You've got to look sharp sometimes to catch the details that make New York great.
On the corner of Second Avenue and E. Sixth Street is a lamppost which, at first glance, appears merely dirty, but on close inspection is encrusted with hundreds of glittering, colorful tiles. The letters running down the south face of the post honor a legendary music hall which used to stand here: Fillmore East. The north side spells out the name of its founder: Bill Graham.
The more you look at the post—the work of guerrilla street artist Jim Power—the more you notice. Many of the major acts that performed at the Fillmore during its short lifetime (1968-1971) are printed out, each in the distinctive lettering made famous by the group's album covers, posters and t-shirts. The care that Power took is quite amazing. Just to see such bygone bands as Procol Harum, Jefferson Airplane and Jethro Tull appear magically before your eyes on a random piece of street equipment is quite wonderfully disorienting. It's also a fine tribute of a chapter of New York history that hasn't otherwise been honored by the metropolis. (Sorry if there are an awful lot of picture here. I just found so many aspects of the work enchanting.)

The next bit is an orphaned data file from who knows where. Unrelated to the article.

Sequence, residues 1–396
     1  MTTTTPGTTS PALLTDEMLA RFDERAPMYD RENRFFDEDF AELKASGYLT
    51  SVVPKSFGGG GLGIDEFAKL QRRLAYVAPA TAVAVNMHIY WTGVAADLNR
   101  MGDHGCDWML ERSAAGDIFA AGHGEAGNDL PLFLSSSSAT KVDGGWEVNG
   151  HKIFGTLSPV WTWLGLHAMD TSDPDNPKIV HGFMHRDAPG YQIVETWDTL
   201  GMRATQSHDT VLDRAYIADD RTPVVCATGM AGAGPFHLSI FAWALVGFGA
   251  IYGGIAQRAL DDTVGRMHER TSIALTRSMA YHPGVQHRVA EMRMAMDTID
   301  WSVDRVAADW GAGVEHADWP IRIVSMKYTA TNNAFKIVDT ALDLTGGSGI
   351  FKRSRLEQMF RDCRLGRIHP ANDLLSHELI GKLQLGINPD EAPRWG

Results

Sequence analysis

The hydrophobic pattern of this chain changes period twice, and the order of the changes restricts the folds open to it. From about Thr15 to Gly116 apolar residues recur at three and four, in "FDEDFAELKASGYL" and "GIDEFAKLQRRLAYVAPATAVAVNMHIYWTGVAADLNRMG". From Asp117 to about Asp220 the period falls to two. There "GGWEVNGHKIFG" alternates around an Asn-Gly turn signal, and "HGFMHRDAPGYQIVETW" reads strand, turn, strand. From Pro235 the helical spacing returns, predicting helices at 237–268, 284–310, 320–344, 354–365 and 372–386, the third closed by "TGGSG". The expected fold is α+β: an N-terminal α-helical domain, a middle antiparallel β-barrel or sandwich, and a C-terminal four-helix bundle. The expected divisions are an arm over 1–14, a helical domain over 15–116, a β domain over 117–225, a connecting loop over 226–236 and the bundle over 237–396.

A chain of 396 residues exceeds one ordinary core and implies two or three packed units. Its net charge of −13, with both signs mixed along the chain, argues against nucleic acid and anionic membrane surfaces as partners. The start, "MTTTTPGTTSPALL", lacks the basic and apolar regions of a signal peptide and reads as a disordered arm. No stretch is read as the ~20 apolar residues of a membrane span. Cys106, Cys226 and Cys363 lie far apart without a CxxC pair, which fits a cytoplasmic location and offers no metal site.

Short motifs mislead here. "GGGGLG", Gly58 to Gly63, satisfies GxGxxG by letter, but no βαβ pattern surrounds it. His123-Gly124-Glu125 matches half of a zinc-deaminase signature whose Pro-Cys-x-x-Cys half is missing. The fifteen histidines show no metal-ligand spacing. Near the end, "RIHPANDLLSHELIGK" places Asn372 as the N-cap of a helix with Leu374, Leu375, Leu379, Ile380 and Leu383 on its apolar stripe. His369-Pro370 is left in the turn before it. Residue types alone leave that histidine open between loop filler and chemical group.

At the bottom of one side of the the post, some tiles read "Happy Birthday Dad, Love B.D." B.D. certainly doesn't stand for Jim Powers. Explanation?